Sunday, January 30, 2011

Today would have been a good day for French toast.

During the week, the weather here had been in the 50's, the sky clear and bright blue; not an inkling of bad weather.  Oh, wait, there was that little snow flurry that lasted for about 5 minutes the other day.  While in the post office, I heard the post mistress say to an older gentleman, "it's just a minor disturbance in the atmostphere."

Was it no wonder, that as I left, I said under my breath, "Luke, I sense a disturbance in the force."

Anyway, upon awakening this morning, the wind was cold and bitter; the sky to the west was dark and ominous.  Weather reports were saying snow for Monday and Tuesday...oh joy....not.  For breakfast, I decided that today would be a perfect day for French toast.  I've always made it using Challah bread.

Challah is a loaf of yeast-risen egg bread that is traditionally eaten by Jews on Shabbat, on ceremonial occasions and during festival holidays. The word "challah" is also used to refer to the portion of dough that is traditionally separated from the rest of the dough before baking. The plural of "challah" is "challot."  There is no dairy in the bread, and most recipes use honey instead of sugar.

Can't find Challah, a wide loaf of French bread (it is French toast), or Texas toast will work just as well.  When hubby went out yesterday, I did ask him to buy a loaf of Texas toast, since the local stores don't carry the other types of bread.  What I didn't realize is, he went to the store, purchased items he felt the need for (cigarettes and Mountain Dew), but forgot the bread.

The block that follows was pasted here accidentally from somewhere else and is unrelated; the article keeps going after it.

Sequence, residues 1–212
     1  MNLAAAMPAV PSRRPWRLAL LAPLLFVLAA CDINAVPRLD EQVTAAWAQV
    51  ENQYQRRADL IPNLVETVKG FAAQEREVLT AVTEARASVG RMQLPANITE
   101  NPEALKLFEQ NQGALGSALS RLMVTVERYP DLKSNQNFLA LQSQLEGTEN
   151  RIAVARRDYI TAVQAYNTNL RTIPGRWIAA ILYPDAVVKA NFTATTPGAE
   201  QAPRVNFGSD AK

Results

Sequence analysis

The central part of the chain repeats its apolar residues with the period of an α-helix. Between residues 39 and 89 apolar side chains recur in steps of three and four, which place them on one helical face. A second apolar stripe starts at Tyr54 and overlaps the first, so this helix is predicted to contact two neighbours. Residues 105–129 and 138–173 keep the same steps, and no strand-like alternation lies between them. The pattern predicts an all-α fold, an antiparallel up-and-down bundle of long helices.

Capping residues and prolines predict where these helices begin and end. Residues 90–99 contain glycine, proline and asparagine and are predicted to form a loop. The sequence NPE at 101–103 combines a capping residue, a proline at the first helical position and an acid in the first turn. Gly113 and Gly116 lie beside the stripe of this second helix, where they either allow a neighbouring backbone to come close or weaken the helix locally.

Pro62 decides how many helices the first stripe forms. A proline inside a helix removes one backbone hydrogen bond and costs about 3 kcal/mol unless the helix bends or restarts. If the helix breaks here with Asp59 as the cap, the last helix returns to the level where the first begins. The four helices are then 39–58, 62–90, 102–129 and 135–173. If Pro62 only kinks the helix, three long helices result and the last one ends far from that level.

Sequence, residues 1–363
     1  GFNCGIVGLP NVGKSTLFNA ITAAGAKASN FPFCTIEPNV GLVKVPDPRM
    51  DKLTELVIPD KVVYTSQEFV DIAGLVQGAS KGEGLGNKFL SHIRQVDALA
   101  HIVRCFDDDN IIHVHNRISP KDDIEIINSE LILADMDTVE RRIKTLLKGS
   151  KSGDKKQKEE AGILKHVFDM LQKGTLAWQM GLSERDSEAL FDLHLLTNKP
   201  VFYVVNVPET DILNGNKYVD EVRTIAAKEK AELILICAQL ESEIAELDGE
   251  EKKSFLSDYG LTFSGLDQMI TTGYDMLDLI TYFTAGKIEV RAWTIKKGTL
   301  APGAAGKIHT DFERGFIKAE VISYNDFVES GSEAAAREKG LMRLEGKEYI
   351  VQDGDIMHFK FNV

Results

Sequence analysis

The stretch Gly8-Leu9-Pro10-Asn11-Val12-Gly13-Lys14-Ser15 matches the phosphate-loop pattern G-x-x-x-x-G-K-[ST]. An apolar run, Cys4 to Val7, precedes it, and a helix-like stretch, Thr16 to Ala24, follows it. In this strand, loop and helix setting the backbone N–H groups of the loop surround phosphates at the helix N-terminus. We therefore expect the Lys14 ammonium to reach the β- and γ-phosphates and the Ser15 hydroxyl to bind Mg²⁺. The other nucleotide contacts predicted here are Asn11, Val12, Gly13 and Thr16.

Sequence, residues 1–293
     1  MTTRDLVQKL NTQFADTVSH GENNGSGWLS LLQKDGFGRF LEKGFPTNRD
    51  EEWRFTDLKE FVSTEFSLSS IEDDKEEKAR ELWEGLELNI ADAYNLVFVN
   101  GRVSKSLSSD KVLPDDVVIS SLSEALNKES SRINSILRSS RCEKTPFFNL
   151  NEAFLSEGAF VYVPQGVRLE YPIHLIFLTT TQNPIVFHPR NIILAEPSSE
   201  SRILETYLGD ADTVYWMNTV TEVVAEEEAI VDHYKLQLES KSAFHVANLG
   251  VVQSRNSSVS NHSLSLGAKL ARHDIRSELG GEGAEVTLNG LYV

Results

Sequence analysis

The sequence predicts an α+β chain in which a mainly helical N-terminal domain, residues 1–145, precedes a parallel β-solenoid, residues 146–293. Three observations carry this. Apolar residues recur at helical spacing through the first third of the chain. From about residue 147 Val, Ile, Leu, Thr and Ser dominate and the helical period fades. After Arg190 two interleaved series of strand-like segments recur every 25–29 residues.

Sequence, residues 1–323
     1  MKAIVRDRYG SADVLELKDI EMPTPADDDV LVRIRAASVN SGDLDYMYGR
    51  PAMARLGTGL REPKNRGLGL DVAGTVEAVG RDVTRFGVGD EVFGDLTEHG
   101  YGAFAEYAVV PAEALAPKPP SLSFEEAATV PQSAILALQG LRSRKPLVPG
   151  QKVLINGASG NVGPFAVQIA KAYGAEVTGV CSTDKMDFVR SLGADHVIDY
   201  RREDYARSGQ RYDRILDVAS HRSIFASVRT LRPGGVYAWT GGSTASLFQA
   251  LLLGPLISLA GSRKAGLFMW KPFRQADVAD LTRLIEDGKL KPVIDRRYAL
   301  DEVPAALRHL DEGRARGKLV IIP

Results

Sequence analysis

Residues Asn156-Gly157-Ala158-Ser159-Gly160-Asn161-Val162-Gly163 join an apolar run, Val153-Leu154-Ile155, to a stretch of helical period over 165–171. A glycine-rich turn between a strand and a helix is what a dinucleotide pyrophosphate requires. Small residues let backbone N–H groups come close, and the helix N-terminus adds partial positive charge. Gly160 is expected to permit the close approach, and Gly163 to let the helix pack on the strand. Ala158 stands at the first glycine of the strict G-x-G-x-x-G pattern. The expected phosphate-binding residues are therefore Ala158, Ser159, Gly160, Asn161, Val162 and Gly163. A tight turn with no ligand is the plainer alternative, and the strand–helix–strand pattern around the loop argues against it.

So, no French toast for breakfast this morning.  I did go shopping in Cortez this afternoon, and got a loaf of French bread....I'm getting my French toast eventually.

Baked French Toast Casserole with Maple Syrup

1 loaf Challah bread, or a wide French bread loaf (13 to 16 ounces)
8 large eggs
2 cups half-and-half
1 cup milk
2 tablespoons granulated sugar
1 teaspoon vanilla extract
1/4 teaspoon ground cinnamon
1/4 teaspoon ground nutmeg
Dash salt
Praline Topping, recipe follows
Maple syrup


Slice bread into 20 slices, 1-inch each.  Arrange slices in a generously buttered 9 by 13-inch flat baking dish in 2 rows, overlapping the slices.
In a large bowl, combine the eggs, half-and-half, milk, sugar, vanilla, cinnamon, nutmeg and salt and beat with a rotary beater or whisk until blended, but not too bubbly. Pour mixture over the bread slices, making sure all are covered evenly with the milk-egg mixture. Spoon some of the mixture in between the slices. Cover with foil and refrigerate overnight.
The next day, preheat oven to 350 degrees F.  Spread Praline Topping evenly over the bread and bake for 40 minutes, until puffed and lightly golden. Serve with maple syrup.

Praline Topping:
1/2 pound (2 sticks) butter
1 cup packed light brown sugar
1 cup chopped pecans
2 tablespoons light corn syrup
1/2 teaspoon ground cinnamon
1/2 teaspoon ground nutmeg
Combine all ingredients in a medium bowl and blend well. Makes enough for Baked French Toast Casserole.

I made this for the members of my gaming (Dungeons and Dragons) group who had stayed overnight leftovers.

Mary Cokenour
January 30, 2011

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